The dividends of improving best practices for social media research
Jacqueline Anderson, Gina Pingitore and Miriam Eckert
J.D. Power and Associates
Social media is continuing to gain traction in the world of market research. While this is an exciting development that offers new opportunities for data collection, there is a potential downside. With so many tools available to so many different types of users, the "wild west" approach to social media data access may be leading us to questionable results. The ability to trust social media data that is delivered by market researchers will be called into question once stakeholders become aware of this issue. Without methodological rigor, results from social media research can at best simply be unreliable, and at worst lead decision-makers to draw wrong conclusions.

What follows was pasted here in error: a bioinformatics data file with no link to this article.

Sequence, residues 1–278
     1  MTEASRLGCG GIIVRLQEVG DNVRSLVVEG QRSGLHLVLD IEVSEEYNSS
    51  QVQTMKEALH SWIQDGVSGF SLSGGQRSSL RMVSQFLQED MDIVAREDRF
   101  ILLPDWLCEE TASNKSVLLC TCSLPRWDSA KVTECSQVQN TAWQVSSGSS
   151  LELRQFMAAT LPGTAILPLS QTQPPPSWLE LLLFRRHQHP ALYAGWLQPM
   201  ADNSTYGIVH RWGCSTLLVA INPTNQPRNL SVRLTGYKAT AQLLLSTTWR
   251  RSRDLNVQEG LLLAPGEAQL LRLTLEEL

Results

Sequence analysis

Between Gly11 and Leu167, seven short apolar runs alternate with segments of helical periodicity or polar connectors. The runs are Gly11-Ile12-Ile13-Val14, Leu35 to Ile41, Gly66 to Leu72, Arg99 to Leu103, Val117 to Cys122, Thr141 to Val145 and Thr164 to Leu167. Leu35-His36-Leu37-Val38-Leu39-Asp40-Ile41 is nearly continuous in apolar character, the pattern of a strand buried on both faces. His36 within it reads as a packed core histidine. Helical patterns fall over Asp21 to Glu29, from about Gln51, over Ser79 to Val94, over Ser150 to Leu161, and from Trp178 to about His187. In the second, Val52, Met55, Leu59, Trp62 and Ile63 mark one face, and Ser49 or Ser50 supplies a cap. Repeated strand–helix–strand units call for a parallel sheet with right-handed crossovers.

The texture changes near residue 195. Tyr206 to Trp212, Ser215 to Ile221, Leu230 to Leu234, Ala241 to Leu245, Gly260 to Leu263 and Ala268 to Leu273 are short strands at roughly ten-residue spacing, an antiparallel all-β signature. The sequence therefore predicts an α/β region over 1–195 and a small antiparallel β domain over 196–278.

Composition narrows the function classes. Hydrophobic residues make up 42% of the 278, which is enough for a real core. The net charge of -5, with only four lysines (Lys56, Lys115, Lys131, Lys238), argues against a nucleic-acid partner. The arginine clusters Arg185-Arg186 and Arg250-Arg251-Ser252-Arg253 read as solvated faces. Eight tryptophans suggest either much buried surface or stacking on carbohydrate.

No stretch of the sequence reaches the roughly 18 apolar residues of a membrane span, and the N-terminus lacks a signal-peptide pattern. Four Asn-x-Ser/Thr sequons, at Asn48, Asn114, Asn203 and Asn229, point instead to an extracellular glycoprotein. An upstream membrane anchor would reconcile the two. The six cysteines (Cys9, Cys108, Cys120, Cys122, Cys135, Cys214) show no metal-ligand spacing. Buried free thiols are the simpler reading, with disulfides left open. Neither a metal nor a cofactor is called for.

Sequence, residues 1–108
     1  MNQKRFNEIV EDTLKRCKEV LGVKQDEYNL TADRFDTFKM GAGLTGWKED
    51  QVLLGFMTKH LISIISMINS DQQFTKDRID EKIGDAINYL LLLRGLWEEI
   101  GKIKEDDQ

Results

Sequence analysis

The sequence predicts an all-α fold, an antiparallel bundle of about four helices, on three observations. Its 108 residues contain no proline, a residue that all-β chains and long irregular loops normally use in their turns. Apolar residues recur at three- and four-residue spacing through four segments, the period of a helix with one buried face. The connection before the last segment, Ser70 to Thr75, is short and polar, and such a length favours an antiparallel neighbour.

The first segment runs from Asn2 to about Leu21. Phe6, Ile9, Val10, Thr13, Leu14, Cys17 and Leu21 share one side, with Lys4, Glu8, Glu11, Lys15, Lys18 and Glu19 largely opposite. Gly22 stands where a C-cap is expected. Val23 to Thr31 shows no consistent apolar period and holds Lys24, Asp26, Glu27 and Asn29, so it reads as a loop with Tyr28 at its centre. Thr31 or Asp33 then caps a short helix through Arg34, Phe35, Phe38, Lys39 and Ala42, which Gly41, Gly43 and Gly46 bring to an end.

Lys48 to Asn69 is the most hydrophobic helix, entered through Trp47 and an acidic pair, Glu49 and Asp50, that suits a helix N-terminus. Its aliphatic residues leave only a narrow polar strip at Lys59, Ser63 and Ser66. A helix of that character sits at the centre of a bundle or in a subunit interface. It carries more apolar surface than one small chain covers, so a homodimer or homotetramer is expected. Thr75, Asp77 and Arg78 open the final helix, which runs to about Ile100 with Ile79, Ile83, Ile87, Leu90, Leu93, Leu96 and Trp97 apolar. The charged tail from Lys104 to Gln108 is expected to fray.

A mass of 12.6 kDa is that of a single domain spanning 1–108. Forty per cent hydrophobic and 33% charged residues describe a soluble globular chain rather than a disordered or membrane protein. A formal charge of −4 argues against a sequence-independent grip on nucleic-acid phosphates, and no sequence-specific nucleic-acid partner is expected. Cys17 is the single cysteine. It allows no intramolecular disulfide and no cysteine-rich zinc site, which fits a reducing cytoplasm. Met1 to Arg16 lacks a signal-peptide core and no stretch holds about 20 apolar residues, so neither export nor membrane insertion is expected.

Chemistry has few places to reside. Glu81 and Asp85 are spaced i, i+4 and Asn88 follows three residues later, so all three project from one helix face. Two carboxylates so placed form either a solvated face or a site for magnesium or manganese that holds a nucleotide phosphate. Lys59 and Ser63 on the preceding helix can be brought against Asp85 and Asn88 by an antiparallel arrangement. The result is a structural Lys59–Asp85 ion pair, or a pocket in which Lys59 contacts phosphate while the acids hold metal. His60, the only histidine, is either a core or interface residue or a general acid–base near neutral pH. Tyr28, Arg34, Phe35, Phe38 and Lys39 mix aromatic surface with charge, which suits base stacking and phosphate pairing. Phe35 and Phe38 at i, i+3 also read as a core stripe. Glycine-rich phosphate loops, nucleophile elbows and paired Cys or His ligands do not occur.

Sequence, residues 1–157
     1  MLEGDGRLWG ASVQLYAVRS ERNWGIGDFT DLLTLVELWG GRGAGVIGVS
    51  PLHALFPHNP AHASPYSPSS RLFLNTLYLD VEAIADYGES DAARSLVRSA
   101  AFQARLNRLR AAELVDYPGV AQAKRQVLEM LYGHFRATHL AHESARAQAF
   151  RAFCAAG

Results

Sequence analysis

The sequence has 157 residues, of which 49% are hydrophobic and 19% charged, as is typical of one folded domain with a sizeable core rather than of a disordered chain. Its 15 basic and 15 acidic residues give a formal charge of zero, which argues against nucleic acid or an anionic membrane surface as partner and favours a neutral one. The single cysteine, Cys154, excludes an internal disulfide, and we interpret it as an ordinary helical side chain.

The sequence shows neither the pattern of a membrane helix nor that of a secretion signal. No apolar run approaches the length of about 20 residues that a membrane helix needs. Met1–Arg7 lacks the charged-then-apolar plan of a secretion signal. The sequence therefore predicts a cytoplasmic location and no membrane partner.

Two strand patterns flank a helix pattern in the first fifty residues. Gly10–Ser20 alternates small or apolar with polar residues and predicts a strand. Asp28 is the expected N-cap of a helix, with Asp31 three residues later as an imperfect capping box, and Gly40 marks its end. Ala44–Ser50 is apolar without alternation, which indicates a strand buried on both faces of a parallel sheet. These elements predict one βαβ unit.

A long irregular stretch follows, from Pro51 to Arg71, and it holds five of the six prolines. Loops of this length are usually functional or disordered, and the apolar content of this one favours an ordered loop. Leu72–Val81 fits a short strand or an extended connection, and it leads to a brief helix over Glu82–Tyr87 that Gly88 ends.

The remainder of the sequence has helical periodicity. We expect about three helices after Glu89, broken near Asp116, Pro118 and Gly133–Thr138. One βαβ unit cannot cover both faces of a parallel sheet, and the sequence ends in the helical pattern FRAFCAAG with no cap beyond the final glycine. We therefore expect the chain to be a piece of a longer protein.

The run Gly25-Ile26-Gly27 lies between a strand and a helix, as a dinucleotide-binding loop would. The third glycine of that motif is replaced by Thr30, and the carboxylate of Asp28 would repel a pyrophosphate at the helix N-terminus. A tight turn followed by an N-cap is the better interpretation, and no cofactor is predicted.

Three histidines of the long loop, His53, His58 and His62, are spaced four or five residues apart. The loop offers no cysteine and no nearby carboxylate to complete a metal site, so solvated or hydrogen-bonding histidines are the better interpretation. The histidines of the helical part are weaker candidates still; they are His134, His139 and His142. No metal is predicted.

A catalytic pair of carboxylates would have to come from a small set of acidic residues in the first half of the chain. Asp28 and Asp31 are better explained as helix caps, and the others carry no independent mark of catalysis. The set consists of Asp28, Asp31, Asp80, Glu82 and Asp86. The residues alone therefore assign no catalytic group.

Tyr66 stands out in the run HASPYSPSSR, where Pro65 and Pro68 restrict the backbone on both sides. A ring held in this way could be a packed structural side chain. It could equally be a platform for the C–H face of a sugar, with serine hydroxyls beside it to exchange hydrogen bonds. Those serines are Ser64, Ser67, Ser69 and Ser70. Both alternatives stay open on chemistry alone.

In this paper, we will show that without well-established and proven guidelines on query construction and data extraction, very different results and conclusions can be obtained by different analysts attempting the same social media data search. In extreme cases, analysts can create such highly divergent queries that the associated data leads to different answers to even simple questions, such as: Which brand is my main competitor? Is Product1 more of my brand's conversation this month centered around product? Is the sentiment expressed toward my brand this month more or less positive than the sentiment expressed toward my brand last month?